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A Patch of Economic Sunshine

Economic conditions remain quite bad, and I don’t want to oversell the importance of a few data points, but it’s worth noting some positive news.

Here are three positive developments, as reported by CNN Money:


Despite the stomach churning month, stocks ended September with strong gains. The Dow jumped 7.7%, the biggest September gain in 71 years. The S&P also posted the biggest gain since 1939, rising 8.7% in the month, while the Nasdaq climbed 12%.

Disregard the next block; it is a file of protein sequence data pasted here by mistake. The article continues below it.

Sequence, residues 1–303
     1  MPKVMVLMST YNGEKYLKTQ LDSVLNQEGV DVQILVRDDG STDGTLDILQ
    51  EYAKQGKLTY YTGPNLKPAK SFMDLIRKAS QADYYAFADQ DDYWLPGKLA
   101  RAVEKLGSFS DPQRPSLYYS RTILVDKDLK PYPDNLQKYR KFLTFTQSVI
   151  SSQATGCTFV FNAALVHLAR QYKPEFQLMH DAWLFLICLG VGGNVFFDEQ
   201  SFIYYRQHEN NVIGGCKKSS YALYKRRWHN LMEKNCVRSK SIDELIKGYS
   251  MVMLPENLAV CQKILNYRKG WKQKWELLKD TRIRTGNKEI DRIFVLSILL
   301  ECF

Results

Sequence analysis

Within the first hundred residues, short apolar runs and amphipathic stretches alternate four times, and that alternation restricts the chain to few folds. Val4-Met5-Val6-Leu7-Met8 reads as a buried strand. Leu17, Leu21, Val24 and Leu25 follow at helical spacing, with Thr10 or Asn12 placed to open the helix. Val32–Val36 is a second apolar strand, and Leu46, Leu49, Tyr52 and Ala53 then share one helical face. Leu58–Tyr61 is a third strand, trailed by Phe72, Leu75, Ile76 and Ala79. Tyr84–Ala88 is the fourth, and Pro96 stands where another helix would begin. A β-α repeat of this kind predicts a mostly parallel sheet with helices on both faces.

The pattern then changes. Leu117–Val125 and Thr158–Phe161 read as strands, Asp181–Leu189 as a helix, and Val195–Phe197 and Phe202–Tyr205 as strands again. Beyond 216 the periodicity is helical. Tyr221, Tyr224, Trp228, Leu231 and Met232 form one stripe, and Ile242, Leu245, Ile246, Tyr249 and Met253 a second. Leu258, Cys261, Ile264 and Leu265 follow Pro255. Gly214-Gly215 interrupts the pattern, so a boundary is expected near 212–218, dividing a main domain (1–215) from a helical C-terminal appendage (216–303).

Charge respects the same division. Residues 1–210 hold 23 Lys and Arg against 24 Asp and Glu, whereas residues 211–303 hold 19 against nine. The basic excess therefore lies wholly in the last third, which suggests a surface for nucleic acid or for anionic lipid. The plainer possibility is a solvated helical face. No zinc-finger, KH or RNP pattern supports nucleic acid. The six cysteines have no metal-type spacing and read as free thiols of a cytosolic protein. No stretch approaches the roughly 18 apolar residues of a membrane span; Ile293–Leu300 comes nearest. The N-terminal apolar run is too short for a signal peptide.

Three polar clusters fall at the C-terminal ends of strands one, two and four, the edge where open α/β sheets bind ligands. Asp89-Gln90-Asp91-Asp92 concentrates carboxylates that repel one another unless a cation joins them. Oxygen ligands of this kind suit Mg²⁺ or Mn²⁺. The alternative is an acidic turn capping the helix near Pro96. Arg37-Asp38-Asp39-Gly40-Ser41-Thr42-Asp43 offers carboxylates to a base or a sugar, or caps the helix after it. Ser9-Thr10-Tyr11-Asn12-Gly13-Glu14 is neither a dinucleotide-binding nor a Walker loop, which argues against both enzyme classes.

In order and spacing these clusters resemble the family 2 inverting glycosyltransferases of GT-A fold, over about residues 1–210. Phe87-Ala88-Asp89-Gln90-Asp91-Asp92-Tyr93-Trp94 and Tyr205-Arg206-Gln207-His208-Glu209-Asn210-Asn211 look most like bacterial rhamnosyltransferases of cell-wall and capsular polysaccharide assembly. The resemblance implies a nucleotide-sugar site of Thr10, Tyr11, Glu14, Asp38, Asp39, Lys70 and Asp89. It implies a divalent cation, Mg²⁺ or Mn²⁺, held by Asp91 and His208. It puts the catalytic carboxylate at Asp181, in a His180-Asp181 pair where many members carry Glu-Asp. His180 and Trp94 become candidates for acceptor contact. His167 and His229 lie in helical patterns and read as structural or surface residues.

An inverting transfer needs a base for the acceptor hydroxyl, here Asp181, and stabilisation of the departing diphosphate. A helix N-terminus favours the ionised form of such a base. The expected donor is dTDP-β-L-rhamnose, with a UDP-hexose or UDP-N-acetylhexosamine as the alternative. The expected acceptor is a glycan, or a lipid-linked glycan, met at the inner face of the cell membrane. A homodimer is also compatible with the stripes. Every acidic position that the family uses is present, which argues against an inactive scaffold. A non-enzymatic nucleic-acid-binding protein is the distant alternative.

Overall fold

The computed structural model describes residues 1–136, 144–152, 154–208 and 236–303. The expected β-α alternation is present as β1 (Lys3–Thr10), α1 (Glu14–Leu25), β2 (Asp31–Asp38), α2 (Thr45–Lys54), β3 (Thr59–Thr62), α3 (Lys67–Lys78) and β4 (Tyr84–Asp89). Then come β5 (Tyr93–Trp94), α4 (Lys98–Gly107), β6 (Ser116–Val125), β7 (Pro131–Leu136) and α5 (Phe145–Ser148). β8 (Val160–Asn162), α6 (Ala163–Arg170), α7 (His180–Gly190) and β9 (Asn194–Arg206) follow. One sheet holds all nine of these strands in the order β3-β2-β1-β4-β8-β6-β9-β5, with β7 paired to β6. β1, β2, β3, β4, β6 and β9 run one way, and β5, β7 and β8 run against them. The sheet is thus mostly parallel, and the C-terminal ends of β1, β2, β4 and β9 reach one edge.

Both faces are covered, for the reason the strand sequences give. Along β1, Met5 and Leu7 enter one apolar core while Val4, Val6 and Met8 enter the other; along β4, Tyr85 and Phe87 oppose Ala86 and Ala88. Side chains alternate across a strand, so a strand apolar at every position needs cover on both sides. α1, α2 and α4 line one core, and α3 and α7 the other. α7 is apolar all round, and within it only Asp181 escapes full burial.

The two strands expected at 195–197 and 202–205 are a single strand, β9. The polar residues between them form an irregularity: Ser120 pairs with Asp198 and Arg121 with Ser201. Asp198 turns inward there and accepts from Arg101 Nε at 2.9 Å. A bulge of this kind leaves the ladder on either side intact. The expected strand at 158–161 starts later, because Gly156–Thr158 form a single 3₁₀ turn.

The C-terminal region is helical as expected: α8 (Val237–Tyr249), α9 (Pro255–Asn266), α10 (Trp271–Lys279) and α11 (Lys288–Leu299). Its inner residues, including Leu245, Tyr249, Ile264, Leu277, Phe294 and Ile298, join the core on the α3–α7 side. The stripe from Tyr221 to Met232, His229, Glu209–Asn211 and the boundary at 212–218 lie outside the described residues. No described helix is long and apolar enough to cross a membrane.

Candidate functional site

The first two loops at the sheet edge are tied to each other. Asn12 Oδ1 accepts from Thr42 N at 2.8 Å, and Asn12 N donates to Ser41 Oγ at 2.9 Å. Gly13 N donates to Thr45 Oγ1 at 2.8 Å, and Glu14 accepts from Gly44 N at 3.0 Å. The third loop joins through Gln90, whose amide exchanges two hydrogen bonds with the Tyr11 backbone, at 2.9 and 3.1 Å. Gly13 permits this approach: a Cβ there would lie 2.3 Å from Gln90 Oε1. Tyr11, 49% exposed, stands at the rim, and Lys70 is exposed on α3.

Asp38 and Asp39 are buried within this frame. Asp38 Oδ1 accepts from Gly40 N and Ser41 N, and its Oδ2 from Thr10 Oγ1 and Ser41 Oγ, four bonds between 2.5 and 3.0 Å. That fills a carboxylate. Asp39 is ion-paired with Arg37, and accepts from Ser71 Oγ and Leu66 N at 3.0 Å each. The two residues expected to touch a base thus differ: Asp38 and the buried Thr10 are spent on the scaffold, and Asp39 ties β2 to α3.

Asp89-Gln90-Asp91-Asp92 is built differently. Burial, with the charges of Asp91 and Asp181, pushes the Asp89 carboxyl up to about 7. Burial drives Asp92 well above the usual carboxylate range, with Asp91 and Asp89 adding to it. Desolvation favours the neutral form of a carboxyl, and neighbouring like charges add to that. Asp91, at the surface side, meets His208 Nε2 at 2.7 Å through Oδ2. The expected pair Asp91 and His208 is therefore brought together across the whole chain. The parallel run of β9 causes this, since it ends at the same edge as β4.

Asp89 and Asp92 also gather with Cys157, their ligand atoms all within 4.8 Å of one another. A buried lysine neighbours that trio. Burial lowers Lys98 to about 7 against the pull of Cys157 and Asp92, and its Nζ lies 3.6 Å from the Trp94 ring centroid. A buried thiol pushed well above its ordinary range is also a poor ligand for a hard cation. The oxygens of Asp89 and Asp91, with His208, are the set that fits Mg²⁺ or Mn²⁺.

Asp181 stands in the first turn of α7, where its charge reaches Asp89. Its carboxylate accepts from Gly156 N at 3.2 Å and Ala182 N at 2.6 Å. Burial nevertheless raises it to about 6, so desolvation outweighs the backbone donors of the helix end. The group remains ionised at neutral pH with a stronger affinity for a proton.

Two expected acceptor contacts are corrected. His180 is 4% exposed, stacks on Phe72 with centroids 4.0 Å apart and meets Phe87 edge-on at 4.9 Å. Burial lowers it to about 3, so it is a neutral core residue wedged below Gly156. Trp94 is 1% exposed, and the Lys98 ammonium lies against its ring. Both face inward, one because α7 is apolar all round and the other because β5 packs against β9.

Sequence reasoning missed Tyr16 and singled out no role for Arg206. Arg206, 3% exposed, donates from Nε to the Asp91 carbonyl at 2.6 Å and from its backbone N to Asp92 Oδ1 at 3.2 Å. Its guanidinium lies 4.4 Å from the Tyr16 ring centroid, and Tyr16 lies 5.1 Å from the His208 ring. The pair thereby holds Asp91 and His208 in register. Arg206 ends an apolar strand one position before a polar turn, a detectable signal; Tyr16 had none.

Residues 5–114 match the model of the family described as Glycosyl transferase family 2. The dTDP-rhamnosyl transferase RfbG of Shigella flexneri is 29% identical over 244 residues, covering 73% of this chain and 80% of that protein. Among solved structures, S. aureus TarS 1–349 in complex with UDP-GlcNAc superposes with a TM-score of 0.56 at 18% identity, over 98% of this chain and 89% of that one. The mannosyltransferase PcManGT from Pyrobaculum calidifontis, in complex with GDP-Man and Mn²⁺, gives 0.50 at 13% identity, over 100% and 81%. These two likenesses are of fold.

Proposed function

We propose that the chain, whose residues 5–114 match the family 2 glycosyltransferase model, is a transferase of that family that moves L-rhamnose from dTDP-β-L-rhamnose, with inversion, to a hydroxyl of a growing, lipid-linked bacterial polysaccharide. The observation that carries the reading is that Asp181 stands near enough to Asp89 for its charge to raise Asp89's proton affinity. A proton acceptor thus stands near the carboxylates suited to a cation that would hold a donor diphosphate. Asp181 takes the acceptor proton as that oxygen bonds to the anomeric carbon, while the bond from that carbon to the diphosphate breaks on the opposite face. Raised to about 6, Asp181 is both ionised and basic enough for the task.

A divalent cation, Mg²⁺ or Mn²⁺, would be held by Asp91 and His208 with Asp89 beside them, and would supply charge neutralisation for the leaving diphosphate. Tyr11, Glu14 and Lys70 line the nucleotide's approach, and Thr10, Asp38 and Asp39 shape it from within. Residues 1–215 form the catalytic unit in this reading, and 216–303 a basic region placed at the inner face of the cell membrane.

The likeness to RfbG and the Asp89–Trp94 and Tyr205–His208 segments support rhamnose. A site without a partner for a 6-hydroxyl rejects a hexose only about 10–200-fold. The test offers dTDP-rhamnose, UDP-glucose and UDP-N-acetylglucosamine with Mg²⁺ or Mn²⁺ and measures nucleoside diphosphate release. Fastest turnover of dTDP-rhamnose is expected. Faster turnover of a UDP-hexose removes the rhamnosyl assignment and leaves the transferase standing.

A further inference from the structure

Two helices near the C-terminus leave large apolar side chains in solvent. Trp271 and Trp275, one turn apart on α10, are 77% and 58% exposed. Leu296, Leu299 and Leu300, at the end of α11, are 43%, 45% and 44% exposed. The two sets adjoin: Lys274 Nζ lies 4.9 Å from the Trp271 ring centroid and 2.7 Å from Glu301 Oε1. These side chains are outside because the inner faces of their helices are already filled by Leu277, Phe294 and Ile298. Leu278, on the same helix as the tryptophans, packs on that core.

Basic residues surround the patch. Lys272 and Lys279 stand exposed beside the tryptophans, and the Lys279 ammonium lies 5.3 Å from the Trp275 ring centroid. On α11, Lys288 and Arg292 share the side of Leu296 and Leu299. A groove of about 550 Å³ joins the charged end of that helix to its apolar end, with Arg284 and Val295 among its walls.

There were 453,000 initial jobless claims filed in the week ended Sept.18, down 16,000 from an upwardly revised 469,000 the previous week, according to the Labor Department's weekly report.
Economists surveyed by were expecting 457,000 new claims.


The nation's gross domestic product, the broadest measure of economic activity, was upwardly revised to an annual growth rate of 1.7% in the three months ending in June, the Commerce Department said Thursday.
While a slight uptick came as good news, the minor revision wasn't a major shocker either. Economists surveyed by had forecast the number to stay unchanged at 1.6%.

So growth is still anemic and unemployment claims are still high, but they're better than we thought. But it's not bad news, and that's relieving.